Simmel’s Spatiality and the Construction of the National Sphere

Designated as ‘first sociologist of space,’[1] Georg Simmel’s theory on space provides useful concepts for theorising national claims made upon territory. First, this treatment locates the German sociologist in the broader sociological field and expounds his theory on space with his texts on The Sociology of Space (1903) and Bridge and Door (1909). The main characteristics of his spatial conception will then be drawn upon to investigate the link between the claim made upon history and territory in the production of the national sphere. Furthermore, it will reveal how Simmel’s framework enables us to dismantle the process of territorialising national identity in inscribing it in space, thus drawing a historical continuity of a nation whose purpose it is to legitimise the difference between a national ‘us’ and a foreign ‘them’, investing the former with rights which the latter do not benefit from. This hence unravels the relationship of dominance underlying nationalist discourses linking birth rights, citizenship and territory.

Towards a Sociology of Space

Simmel’s insistence on forms of social interaction rejected organicist approaches of writers like Spencer and Schäffle in 19th-century Europe.[2] Instead of emphasising the continuity between nature and society, he argued for defining society as ‘merely the name for a number of individuals, connected by interaction.’[3] He treated the question how society is possible in a similar antipositivist manner as Kant resolved ‘How is Nature Possible?’ stressing man’s cognitive capacities in understanding the social world.[4] Simmel’s sociology is grounded in the perception of the social world as ‘construction made by selection and interpretation’ and not as objective assemblage of facts.[5] The opinion that perceptions are subject to a priori categories is essential for his neo-Kantian analytical distinction between form and content of social relationships: sociology as the study of the former should concentrate on their structuring principles.[6] Situating himself in Nietzsche’s and Bergson’s line,[7] Simmel draws on their vitalist motifs to articulate ‘notions about the life process’ and emphasise the actors’ ability to create social structures.[8] Yet, in contrast to Bergson’s focus on durée and productive power of ‘time,’[9] Simmel stressed the importance of spatial configurations for social relations.[10] Indeed, Simmel’s spatial analysis represents one of the largest parts of his major work Soziologie (1908).[11]

In The Sociology of Space and Bridge and Door, three aspects are deemed particularly important for the application to nationalism: the claim of spatial exclusivity, divisibility and fixity. Concerning the first aspect, Simmel reveals that there are ‘certain types of association that can only be realized in such a way that there is no room for a second one within the spatial area that one of its formations occupies.’[12] In giving the state as example, he ties the entitlement to a sovereign territory to the claim of uniqueness, rejecting the presence of an alternative form on that place. He confers to the association holding the spatial exclusivity the domination over other social formations, rendering them mutually exclusive. Thus, the social formation’s authority over its space is legitimised though this specific claim of exclusivity.

The second characteristic of his spatial concept concerns the divisibility of space; the drawing of boundaries as reason and consequence of a division. He draws the analogy between the boundary of a social group and frame of a painting. Both are imbued with a dual function; they operate in delimiting their content against their surroundings while holding their constituent together: ‘It symbolizes the self-contented unity of the work of art, the frame at the same time strengthens its reality and its impression.’[13] In highlighting that a group’s characterisation as homogenous is foremost the result and not the cause of inscribing this group in a bounded space, Simmel reveals the boundaries’ constructedness and questions this homogeneity:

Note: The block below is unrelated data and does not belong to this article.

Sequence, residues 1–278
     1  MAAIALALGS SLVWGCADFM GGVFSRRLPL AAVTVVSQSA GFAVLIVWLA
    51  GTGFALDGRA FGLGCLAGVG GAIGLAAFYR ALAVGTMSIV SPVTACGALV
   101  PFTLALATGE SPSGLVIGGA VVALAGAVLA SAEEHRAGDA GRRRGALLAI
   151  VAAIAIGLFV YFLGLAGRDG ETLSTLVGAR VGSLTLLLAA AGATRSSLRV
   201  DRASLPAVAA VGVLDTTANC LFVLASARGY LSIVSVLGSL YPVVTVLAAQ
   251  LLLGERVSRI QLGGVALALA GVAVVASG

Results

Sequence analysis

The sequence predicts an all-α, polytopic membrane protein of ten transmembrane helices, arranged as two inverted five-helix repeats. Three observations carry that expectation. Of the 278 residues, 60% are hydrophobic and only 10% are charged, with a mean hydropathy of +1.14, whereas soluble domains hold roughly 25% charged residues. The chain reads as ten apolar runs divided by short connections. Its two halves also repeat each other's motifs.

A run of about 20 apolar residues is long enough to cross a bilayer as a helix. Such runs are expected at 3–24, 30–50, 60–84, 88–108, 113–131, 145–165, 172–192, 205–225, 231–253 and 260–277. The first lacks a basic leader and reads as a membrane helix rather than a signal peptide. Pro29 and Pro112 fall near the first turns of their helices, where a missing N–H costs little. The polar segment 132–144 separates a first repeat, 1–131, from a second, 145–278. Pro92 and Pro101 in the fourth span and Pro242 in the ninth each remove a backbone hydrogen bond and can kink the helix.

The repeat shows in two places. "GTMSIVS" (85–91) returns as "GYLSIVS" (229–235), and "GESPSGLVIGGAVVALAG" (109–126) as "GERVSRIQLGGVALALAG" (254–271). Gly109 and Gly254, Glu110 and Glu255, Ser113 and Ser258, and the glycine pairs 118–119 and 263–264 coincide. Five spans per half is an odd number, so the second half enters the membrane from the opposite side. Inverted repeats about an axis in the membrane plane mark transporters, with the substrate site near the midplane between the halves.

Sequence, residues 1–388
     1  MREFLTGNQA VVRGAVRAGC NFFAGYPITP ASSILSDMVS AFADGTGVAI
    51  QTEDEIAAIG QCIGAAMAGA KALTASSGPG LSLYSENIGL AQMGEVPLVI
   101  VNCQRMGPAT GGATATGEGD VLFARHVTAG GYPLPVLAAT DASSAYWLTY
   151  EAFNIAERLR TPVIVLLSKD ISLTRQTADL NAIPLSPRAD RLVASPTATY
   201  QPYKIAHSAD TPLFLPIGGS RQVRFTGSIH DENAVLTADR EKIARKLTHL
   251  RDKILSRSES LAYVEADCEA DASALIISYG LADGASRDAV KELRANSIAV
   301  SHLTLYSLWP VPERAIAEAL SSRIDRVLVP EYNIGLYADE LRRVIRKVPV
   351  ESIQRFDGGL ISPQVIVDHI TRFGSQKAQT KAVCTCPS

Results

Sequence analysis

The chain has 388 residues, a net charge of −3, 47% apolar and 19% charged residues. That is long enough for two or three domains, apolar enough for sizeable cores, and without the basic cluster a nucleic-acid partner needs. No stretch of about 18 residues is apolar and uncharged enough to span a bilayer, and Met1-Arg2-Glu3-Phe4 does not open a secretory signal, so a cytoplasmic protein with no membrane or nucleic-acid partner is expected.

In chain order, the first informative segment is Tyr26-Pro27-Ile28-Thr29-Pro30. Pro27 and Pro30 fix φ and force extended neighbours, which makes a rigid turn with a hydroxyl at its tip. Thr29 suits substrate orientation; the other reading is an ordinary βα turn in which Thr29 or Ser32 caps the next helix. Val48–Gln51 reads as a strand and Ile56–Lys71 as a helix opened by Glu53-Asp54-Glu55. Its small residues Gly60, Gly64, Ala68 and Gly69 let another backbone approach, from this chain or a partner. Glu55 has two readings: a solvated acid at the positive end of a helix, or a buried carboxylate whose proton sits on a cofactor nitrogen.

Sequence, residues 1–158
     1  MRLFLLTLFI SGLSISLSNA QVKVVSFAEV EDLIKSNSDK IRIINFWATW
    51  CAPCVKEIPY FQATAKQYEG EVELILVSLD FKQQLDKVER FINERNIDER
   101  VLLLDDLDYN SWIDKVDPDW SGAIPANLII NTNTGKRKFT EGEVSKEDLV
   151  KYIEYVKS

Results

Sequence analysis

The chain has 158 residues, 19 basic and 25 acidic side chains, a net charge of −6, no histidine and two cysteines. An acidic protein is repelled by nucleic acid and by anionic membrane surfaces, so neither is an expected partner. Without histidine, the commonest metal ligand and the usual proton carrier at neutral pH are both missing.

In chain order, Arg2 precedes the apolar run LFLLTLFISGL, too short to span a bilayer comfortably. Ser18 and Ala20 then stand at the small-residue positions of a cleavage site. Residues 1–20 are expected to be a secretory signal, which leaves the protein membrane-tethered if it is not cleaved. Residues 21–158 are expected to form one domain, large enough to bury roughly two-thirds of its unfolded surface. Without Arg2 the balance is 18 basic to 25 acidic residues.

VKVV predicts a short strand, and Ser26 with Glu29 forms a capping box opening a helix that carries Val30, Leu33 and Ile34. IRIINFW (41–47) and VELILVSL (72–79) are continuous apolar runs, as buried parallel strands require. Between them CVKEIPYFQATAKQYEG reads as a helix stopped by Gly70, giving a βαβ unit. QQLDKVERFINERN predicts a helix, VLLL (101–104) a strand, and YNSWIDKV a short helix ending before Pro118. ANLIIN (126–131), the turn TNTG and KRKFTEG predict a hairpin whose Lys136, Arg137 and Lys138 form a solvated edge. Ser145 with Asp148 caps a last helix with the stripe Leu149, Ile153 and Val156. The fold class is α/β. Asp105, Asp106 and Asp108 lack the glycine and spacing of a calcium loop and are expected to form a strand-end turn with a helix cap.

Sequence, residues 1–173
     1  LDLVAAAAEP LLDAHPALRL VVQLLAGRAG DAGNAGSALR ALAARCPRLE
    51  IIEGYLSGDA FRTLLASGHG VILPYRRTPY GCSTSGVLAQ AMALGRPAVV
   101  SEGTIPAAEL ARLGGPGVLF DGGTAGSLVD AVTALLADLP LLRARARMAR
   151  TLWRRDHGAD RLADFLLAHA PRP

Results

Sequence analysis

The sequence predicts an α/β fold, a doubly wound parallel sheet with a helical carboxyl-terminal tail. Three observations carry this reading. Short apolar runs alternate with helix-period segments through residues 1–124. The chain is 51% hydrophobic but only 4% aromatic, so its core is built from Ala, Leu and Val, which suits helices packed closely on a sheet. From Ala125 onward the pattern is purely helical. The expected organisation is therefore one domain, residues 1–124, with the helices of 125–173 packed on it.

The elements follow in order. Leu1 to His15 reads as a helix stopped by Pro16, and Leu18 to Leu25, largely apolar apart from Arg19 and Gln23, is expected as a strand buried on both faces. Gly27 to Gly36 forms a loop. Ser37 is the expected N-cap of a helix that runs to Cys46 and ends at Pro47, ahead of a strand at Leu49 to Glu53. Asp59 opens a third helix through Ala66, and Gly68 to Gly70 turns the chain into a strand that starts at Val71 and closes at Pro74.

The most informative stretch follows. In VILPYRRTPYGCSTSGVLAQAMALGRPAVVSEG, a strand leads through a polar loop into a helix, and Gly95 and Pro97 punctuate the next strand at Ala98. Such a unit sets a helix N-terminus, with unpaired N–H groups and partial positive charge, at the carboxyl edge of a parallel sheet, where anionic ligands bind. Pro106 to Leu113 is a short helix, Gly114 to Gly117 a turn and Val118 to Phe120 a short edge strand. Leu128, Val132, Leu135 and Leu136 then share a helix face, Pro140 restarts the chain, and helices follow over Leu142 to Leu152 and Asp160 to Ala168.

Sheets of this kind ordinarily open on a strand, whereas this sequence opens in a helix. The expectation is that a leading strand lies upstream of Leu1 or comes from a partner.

a society is characterised as inwardly homogenous because its sphere of existence is enclosed in acutely conscious boundaries, … conversely the reciprocal unity and functional relationship of every element to every other one gains its spatial expression in the enclosing boundary.[14]

The fact that these boundaries are not nature-given – ‘not a spatial fact with sociological consequences, but a sociological fact that forms itself spatially’– discloses the need for the boundedness’ constant reproduction.[15] Thus, Simmel refers to the ‘formative power of the social context’ which implies a ‘mutual referencing’ of the inhabitants’ assumed homogeneity.[16] He demonstrates the reciprocal effect of the constitution in the relationship between boundaries and the occupants of the delimited space.[17] The boundary’s subjective nature of inside/outside construction is further enhanced in Bridge and Door where the malleability of the act of connecting and separating is laid bare: ‘everything can be considered to be connected, but also as separated.’[18] For Simmel it is above all the door which symbolises this Janus-faced nature of separation/connection.

Moreover, the social effect of boundaries has to be linked to the physical territorial space in asking how this ‘human capacity … [to] cut a portion out of the continuity and infinity of space, … arrange[d] this into a particular unity in accordance with a single meaning’ and to confer upon it the claim of exclusivity is legitimised and upheld by a group.[19] Here a third aspect comes into play: the symbolic fixation of a geographical territory invested with feelings through ‘seemingly mundane, everyday interactions.’[20] The place as pivotal point of supposedly shared recollection, contributing to the construction of a common past, becomes a vital factor in social interactions for the ‘cohesion’ and the ‘consciousness of belonging among members.’[21] For memories which are being attached to a special point in space can be understood as acts of designation which give to a group a qualitative feeling of uniqueness.